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Unraveling the opaque through impact evaluations

Markus Olapade

“If anybody tells you to conduct an impact evaluation, tell that person to go to hell!” 

This was the comment made by a renowned impact evaluator at a recent conference after Khalid Al Kudair presented his NGO Glowork's remarkable success in mobilising the female labour force in Saudi Arabia. The evaluator was trying to make the point that if a programme is obviously working, it is a waste of time and money to conduct an impact evaluation. I disagree.

In Saudi Arabia, many women want to work but they often face difficulties getting their applications through to the human resources department of an organisation. Glowork’s online portal solves this problem by bringing demand and supply together. Since many women prefer to work from home, Glowork created a work-from-home scheme, allowing women to set up an office in their own house with employer supervision of the home worker. Glowork’s system seems to have created a win-win situation: it gives families an additional source of income and allows the economy to benefit from a well-educated part of the population that had been excluded from the labour market.

The fact that women have been brought into the workforce through this system seems to show the success of the idea. Yet the comment of the impact evaluator kept ringing in my ear. I kept asking myself whether an impact evaluation could uncover something more. Marx summed up my doubts very well when he said, 'If the essence and appearance of things directly coincided, all science would be superfluous’. Assessing success by merely looking at the number of women brought into the workforce might be deceiving. What if there is something going on under the surface?

Let’s take the example of microcredit. Until very recently we were quite sure about its positive effect. The high number of people taking up credit suggested a success story. But there is now a debate about whether microcredit really works and if so, then for whom. Impact evaluation is able to provide answers by examining why some benefit while others don’t. The microfinance crisis in Andhra Pradesh, India, clearly showed that people do not always benefit from receiving loans. The risk of microcredit is that people can get pulled into a debt-trap. Borrowers may end up cross-financing their loans, taking up one loan to pay back another one. Both the unintended consequences and the positive impacts of microcredit are revealed only by rigorous impact evaluations. It’s clear that impressive stats on the high number of people taking up microcredit did not tell us the whole story. 

The example of microcredit shows that the numbers on take-up tell only part of the story. The highly skilled and experienced commentator at the conference should have known that he is making a conclusion about the impact of Glowork from monitoring data. Yes, the number of women participating in the labour force did increase. And yes, female employment increased as well. But what these changes have meant for the woman’s role in the household is still unclear. What do these numbers really convey about the empowerment of women?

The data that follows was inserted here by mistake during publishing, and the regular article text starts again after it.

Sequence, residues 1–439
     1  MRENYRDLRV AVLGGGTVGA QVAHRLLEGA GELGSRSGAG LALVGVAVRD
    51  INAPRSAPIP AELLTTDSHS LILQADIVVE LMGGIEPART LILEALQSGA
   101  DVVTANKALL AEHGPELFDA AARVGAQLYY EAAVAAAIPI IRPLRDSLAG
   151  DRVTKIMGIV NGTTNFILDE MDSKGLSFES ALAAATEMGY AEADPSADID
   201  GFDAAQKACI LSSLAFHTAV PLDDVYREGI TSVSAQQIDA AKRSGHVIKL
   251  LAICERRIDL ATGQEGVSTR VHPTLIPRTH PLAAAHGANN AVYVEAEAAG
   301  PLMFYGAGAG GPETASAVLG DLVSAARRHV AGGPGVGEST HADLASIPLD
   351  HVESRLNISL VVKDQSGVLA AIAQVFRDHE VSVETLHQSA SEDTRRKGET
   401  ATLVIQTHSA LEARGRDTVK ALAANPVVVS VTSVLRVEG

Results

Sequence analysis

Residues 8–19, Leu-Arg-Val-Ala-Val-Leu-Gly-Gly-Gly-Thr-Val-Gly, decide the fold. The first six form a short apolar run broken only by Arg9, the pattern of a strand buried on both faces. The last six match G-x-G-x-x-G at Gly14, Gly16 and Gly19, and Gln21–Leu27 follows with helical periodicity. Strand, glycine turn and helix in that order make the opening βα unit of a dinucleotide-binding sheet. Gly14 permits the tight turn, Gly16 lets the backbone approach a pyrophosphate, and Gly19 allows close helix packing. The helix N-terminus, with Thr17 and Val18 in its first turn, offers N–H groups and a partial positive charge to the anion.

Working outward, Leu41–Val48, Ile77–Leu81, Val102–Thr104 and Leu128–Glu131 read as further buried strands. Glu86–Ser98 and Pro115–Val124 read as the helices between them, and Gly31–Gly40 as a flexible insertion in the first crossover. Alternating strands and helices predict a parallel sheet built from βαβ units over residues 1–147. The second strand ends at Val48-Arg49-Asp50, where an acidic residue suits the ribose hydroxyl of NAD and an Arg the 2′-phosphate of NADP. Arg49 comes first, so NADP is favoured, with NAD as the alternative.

As the founder of Glowork pointed out, female labour market participation changes the distribution of tasks in a household. Does the weight of a woman’s voice increase merely by giving her a job? We hope it does! But a woman’s new job could also have negative unintended effects on her bargaining power vis-à-vis her husband.

Monitoring cannot tell us if such changes are taking place. Impact evaluation on the other hand can do this by peeling away layers of opacity and shedding light on issues like empowerment and social transformation. A comprehensive theory of change, which should be the basis of any impact evaluation, unravels not only the direct causal pathway but also factors in possible negative externalities or spill-overs. Does a new job imply that the woman spends less time on household chores? What is the effect on the upbringing of children? How does it affect household dynamics? These second generation questions are much more interesting and useful for programme design than the first generation question of whether the chances of being employed increase as a result of Glowork.

So I disagree with the comment that impact evaluation is unnecessary for Glowork. Khalid Al Khudair, Glowork’s founder, showed great insight in deciphering the problems of women in the Saudi labour market. He was also highly creative in finding solutions. The results of an impact evaluation are likely to only further fuel his creativity in designing more effective programmes.

(This blog is authored by Markus Olapade as a reflection from his participation in the Arab Youth and Entrepreneurship conference in Doha. Markus is an Evaluation Specialist at 3ie)

Published on: 28 feb 2013